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Post Hysterectomy

A Brief Overview of the Women's Health Initiative Study

After a woman has a hysterectomy, her doctor will start her on a hormone replacement therapy (HRT). This is simply a treatment that's designed to replace the hormones that will be lost through the hysterectomy; it staves off certain medical conditions including menopause and osteoporosis.

Hormone replacement therapy treatments use synthetic hormones that are designed in laboratories instead of a woman's body. However, those synthetic hormones will act like the natural hormones she has in her body.

Years ago doctors would prescribe HRT, hoping it would protect the woman from certain diseases along with treating any menopause symptoms. Some of the diseases that doctors were hoping to prevent included:

  • Cancer
  • Heart disease
  • Osteoporosis

For some women, the benefits outweigh the risks; for other woman, the risks outweigh the benefits. Women need to speak with their doctor about the hormone replacement therapy to see if it is good for them.

An Overview of the Women's Health Initiative

The National Institutes of Health conducted a set of studies dubbed the Women's Health Initiative. Researchers for the WHI gathered together information about women who have gone through menopause, as well as information about these women's overall health. The reason behind the HRT trial was to study the effects of the therapy on a woman's health, and to see if the woman developed breast and/or colorectal cancers, heart disease or osteoporosis once she had been through menopause.

Whom Did the Study Involve?

There were two groups of women involved with the trial. Women who have undergone a hysterectomy were in one group. Women who were postmenopausal with no hysterectomy were in the other group.

The first group was given a placebo or estrogen during the trial. The second group took a combination of estrogen and progestin or the placebo.

Trial Stopped Due to Complications

The trial was to end in 2005. However, in 2002, the combination therapy was halted due to risks that were found with combination HRT. Those risks outweighed the benefits that were supposed to result from the HRT trial.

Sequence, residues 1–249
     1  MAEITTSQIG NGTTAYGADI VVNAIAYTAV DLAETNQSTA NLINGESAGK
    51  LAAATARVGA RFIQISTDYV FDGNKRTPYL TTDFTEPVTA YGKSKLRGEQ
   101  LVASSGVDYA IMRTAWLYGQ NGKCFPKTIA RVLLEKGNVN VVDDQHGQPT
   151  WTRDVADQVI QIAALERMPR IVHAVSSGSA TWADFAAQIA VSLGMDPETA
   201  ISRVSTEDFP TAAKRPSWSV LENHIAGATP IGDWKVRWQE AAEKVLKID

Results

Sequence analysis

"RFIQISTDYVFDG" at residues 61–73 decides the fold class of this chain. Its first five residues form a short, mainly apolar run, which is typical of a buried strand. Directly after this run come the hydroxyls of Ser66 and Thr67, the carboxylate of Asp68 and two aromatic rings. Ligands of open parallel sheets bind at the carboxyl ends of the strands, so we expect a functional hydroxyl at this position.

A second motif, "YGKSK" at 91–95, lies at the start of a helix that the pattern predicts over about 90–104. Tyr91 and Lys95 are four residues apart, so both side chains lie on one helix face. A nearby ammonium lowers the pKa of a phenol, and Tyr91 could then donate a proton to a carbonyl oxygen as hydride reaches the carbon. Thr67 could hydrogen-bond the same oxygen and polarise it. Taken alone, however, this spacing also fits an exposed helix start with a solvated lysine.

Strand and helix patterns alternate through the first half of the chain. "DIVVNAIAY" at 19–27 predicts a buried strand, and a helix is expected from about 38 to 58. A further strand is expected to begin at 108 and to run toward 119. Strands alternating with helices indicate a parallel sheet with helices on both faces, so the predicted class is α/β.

What kinds of risks were found? Women who used HRT over a long period of time were found to be prone to blood clots, breast cancer, heart attacks and strokes.

People Who Are Taking HRT Currently

Women should never stop taking their medications without first speaking with their doctor. If she is concerned about the risks, her doctor will consider the symptoms, and will consider whether or not the woman is at risk for developing any diseases based on the medication.

If there's too much of a risk, there are three things the doctor may choose to do. They are:

  • Lowering the dose of medicine
  • Switching to another kind of treatment
  • Stopping the current treatment altogether

Unless there is a big risk, a woman's current treatment is likely to stay the same.

Using HRT For Long-Term Use

Should a woman consider using hormone replacement therapy for long-term use? This question can be answered with a simple deduction. First, a woman should understand that HRT does offer protection against certain kinds of illnesses such as colorectal cancer, Alzheimer's disease and osteoporosis.

If a woman's risks of developing the above diseases is high and she has little to no chance of developing breast cancer and/or heart disease, then HRT can be quite effective for long-term use.

It's very important that a woman and her doctor talk about the risks and benefits of HRT.

Can Menopausal Symptoms Be Treated With Any Other Options?

If you wish not to do hormone replacement therapy, there are other alternatives. For instance, there are antidepressants, herbal supplements, soy products and vaginal estrogen creams. There are also more medications on the market that a woman's doctor can prescribe. By talking with her doctor, the two together can discern what treatment is best.

One of the more important things to remember is to maintain a healthy weight by eating healthy and exercise on a regular basis.

 

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